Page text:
When is a cover letter important?
The cover letter is the bridge between the resume and the job description. The worst cover letters are form letters turned up by a quick Google search, usually starting with, “I am the ideal candidate for the job because.” Please leave that line out; let the reader decide how good of a fit you are. The best cover letters fill in the gaps where appropriate, such as to explain:
1) A gap in employment. People always assume the worst – they literally may think you were in prison when you were really just backpacking around Europe. Call out the missing time if it is not obvious from your resume.
2) Not an exact fit with the requirements. Do they call for 5 years of Java experience, but you have 3 years… yet spent the 3 years before working in C++ or .NET? You likely have the skills to do the job. Never assume it will be the hiring manager reading the resume. It may be the new person in HR who has no tech background and is looking for people that check boxes. Leave no elephants in the room.
3) Not in the same city as the company. If you’re planning to relo, let the company know your timeframe and put their minds at ease that it’s no big deal. If you need relo assistance, well, honestly that may be a ding against you in the startup world. The Googles and the Facebooks of the world have it down to a science, but a 10 person company that doesn’t even have a receptionist may think it’s too much trouble.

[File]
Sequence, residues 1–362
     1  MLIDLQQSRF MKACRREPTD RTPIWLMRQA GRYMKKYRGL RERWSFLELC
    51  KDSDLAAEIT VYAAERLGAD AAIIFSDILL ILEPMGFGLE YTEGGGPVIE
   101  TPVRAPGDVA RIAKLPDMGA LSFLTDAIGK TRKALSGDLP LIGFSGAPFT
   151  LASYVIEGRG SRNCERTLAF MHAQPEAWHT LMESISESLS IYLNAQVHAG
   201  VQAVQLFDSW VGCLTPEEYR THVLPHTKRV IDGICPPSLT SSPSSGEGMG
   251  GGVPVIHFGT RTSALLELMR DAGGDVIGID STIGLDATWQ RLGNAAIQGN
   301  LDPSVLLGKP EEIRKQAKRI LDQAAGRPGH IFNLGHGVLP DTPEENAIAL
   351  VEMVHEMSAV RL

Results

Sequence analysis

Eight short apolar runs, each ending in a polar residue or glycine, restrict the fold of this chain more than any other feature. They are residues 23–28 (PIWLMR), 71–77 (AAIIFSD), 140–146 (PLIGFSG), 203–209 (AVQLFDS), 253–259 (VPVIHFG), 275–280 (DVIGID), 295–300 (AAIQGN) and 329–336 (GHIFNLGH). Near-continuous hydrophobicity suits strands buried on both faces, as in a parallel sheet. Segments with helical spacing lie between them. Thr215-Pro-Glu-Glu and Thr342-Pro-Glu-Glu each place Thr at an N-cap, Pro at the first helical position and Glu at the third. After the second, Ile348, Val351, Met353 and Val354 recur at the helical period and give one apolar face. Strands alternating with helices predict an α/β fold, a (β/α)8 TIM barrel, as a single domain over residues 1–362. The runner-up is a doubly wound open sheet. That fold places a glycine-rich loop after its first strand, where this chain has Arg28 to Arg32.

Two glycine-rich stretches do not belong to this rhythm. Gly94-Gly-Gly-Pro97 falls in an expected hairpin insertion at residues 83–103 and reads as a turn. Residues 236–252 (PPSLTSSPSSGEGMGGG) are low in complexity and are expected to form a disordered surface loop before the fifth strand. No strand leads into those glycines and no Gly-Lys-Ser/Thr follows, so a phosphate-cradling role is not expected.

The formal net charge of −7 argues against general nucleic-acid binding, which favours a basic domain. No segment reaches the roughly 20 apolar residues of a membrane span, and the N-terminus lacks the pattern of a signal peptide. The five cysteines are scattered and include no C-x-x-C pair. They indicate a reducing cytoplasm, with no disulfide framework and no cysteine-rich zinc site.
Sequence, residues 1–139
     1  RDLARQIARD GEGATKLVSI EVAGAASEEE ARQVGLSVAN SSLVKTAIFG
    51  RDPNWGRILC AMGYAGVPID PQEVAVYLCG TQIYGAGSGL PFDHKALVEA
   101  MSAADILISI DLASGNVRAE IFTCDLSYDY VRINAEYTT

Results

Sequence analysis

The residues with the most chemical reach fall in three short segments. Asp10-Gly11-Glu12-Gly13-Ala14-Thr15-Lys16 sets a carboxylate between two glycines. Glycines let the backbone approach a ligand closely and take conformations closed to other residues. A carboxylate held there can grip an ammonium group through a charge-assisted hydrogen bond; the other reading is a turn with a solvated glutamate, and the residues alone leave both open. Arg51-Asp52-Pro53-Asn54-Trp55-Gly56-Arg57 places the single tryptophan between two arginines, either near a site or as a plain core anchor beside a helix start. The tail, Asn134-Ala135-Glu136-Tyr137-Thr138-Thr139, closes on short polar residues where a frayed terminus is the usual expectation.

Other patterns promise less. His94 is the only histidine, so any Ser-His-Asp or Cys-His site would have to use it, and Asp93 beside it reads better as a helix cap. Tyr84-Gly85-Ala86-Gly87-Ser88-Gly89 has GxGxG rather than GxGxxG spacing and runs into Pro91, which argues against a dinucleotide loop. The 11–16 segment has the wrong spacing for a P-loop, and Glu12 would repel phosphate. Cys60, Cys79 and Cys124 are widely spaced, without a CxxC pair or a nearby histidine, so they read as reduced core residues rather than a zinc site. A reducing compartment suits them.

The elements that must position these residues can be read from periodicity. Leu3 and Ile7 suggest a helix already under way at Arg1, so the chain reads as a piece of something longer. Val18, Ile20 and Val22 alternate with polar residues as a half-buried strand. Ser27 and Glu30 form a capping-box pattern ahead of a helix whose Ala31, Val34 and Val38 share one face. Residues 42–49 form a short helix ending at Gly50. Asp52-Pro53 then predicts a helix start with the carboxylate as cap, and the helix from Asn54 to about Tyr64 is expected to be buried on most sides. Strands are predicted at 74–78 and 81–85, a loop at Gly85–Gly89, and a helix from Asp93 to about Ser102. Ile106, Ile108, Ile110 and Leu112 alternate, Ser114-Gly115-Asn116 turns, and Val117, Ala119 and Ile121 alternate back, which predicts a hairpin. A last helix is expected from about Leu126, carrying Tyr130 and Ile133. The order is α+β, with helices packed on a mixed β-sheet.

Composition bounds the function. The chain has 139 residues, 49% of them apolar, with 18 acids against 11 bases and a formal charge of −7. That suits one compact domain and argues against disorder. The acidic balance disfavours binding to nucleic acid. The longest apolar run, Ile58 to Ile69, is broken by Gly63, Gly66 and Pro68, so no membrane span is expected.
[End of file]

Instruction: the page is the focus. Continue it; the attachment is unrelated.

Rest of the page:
4) You’re overqualified. Why is that such a bad thing? Companies see you as a flight risk. They think when the perfect opportunity presents itself, you may be out the door. If you have a compelling reason to take what some may see as a step down, call it out! Perhaps you are moving from a manager in marketing to an individual contributor in the sales org- but you know you need to have that foot soldier experience to later manage a sales org. Or, maybe you were a VP at a startup, and you realize that due to disparities in org size and responsibilities, actually the equivalent role in a bigger company may be director.
5) Why you want to work at the company. Don’t do any search and replaces. Take your time here. Research the company and the role. If you have a well thought out answer, you have a leg up on most people.